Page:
Monday, 31 January 2011

Readings' Sixth Anniversary

Every January, Readings @ Seksan's celebrates its birthday. This year marks the event's sixth year - "kindergarten age", according to its co-founder Sharon Bakar. "Next year we'll be sending it to school," she joked.

Poet Jamal Raslan working the crowd
Both she and Bernice Chauly started the as-monthly-as-possible Readings to get people reading and writing. In recent years it has also become a platform for local and (sometimes) international authors to mingle and sell some books. The inclusion of poets and musical acts of late have further enlivened things.

This month I played chaperone, chauffeur and stenographer to Yvonne Foong, author, spokesperson for Neurofibromatosis Type II patients, and future psychologist. Her request and wish to attend the event was unexpected.

Readings' sixth birthday was greeted with a cloudy sky and showers. The traffic which can be paralysed by a mere drizzle, like our only satellite TV service, was worsened by road closures due to the Lé Tour de Langkawi bike racing event. I know, what the heck, right?

Despite the traffic we arrived early. I had brought along a small whiteboard and several marker pens. Anticipating the setting up of a book sale corner, I figured they needed a price list more than I needed a to-do list. It filled up very quickly, with books from Amir Muhammad, Haslina Usman (daughter of Usman Awang), and Jeremy Chin. What was on sale included:

  • I'm Not Sick, Just a Bit Unwell, Yvonne Foong (RM20)
  • Teohlogy, Patrick Teoh (RM38)
  • Orang Macam Kita, pelbagai (RM20)
  • Love and Lust in Singapore, various (RM22, after a 45% discount)
  • Jiwa Hamba, Usman Awang (RM30)
  • Scattered Bones (novel), Usman Awang
  • Sahabatku (collection of poems), Usman Awang
  • Turunnya Sebuah Bendera, Usman Awang
  • Fuel, Jeremy Chin (RM30)

No, I couldn't remember all the prices. Never occurred to me that I'd want to go into that much detail. Though Yvonne managed to catch up with some old friends, she didn't manage to sell a single copy of her book.

Damyanti Ghosh was unable to vocalise loudly because of a medical procedure to her mouth or throat, so it would seem insensitive to ask her to elaborate. Despite not being ale to read, she showed up anyway with Saras Manickam to sell a book, a short story collection Damyanti contributed to, to help keep a charity home afloat. All proceeds for Love and Lust in Singapore that day would go to the Bangsa Ria Centre for the Mentally and Physically Disabled in PJ.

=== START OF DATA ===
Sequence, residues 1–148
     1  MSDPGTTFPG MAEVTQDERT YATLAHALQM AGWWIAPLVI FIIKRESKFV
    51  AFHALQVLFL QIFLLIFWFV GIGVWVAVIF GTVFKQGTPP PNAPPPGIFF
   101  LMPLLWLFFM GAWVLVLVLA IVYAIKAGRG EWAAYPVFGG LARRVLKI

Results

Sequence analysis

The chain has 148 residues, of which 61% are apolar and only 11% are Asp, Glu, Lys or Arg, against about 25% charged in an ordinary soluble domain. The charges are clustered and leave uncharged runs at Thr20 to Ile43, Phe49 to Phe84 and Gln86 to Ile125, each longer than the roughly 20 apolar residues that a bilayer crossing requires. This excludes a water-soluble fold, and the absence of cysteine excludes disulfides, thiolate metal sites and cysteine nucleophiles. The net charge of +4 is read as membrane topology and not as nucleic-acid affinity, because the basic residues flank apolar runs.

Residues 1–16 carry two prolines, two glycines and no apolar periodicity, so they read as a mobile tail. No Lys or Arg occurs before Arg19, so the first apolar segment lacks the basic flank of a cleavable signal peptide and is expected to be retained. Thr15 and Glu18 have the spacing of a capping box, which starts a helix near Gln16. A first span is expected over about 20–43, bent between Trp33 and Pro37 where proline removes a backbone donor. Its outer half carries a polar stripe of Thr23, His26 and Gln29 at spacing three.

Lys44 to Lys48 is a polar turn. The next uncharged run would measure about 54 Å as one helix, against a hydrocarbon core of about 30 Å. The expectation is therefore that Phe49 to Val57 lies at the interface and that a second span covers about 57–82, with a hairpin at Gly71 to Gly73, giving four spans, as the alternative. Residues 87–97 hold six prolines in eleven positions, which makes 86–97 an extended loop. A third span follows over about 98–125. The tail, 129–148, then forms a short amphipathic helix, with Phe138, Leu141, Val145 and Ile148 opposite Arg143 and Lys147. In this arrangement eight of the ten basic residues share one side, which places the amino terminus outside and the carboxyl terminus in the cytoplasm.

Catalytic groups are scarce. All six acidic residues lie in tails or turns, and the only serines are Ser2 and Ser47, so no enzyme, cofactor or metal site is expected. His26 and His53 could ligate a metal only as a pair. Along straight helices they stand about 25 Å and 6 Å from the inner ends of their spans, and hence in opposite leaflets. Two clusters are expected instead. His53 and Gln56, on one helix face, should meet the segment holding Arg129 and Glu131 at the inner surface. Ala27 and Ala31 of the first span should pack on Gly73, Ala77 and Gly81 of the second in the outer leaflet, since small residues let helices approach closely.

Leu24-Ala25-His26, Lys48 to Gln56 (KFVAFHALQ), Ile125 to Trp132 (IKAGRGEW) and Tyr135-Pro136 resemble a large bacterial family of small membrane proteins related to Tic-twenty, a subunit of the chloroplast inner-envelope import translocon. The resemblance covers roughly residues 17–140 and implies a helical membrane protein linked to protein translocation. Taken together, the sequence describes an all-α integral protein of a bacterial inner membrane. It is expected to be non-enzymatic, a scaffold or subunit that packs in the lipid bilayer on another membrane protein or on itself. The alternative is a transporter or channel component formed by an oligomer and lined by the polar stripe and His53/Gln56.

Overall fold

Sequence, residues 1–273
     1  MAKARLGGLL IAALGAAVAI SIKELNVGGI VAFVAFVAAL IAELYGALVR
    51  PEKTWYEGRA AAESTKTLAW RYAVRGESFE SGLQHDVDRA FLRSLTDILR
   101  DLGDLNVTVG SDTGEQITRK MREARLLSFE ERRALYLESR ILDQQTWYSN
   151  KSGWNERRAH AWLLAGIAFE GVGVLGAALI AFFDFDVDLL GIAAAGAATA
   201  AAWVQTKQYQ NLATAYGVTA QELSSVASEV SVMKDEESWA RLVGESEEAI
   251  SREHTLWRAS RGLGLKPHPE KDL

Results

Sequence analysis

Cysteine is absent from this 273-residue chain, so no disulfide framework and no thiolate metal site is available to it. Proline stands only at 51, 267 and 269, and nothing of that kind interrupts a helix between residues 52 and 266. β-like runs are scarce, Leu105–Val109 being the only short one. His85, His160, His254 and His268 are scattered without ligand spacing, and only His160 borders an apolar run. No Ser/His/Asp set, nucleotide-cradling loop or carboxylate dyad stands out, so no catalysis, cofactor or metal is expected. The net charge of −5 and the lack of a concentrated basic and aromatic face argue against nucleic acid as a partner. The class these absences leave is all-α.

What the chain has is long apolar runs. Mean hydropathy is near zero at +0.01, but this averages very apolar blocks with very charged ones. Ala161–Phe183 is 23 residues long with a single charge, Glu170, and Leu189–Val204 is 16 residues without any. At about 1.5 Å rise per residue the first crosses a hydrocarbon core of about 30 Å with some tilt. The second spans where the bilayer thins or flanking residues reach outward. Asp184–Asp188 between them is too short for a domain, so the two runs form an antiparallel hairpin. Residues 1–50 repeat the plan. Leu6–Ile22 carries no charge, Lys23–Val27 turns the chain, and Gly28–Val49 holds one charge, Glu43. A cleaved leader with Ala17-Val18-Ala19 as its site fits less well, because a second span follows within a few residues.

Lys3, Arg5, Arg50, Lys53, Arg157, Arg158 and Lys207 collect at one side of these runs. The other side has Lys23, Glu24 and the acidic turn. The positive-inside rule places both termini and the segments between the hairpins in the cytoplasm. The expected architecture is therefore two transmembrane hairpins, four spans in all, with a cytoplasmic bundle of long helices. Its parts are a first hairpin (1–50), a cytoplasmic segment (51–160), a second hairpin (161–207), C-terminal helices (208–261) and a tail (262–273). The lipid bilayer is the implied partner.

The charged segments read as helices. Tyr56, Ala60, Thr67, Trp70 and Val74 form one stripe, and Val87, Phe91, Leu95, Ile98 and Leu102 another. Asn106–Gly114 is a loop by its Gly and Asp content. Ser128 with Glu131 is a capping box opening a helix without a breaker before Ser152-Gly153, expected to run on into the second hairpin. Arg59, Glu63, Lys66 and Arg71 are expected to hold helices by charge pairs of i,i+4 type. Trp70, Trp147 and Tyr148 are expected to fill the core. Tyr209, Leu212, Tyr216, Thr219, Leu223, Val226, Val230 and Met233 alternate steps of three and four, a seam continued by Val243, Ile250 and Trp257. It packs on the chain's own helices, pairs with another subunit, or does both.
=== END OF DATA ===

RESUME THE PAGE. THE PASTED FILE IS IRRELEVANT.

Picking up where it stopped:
Because I didn't want the book right now, I put some cash into the donation box they brought along. "They need every ringgit," Damyanti said, because it seems the Centre will fold due to lack of funds.

Patrick Teoh, broadcasting live from Seksan's
Sharon kicked things off by reading the story Damyanti would have read if she were not, in Sharon's words, "pleasurably silent". In "The Peeping Toe", a middle-aged woman in a Singapore subway distracts herself from an ah beng/ah lian couple's amorous in-train antics by looking at someone's peeping toe. "If you want to know whose toe it is, buy the book," Sharon announced when she was done.

Poet and slam champion Jamal Raslan Abdul Jalil rocked the venue with recitals of youth, social issues and the future - things his generation are concerned with. Yvonne's condition rendered her deaf, among other things, so she had to "read" the gist of what was being read being typed out on her laptop. But my mental buffer runneth over too quickly, and most of it evaporated before I could key them in. Jamal was so good, he was invited to do an encore to end the event.

There was a small misunderstanding during Patrick Teoh's introduction. Neither Sharon nor I prompted Teoh to start compiling (not writing) his "Teohlogy" essays in the now-defunct Off The Edge magazine. After I'd heard about Hishamuddin Rais and Julian CH Lee's respective releases of their own compilations, I tweeted Sharon:

@sharonbakar First Hisham Rais, now Julian Lee. Will @patrickteoh follow suit?

10 August 2010 20:58:03 via Echofon in reply to sharonbakar

I can't remember what I was replying to, and Teoh had no idea what I was talking about. I responded:

Former Off The Edge contributors Hisham Rais and Julian Lee compiled their previous articles into books @patrickteoh. Waiting for yours.

11 August 2010 23:41:40 via Echofon in reply to patrickteoh

A brief summary of the Teohlogy saga: Teoh was invited to pontificate on issues that concerned the average Malaysian in a column, in the voice of a grumpy old man - hence the slightly anagrammatic term. It was Ezra Zaid of ZI Publications who approached Teoh with an offer to compile his essays into a book. Teohlogy was recently launched at Popular @ Ikano to a more or less star-studded audience that included, according to Teoh's description, a Special Branch operative. Wished you were there, hmm?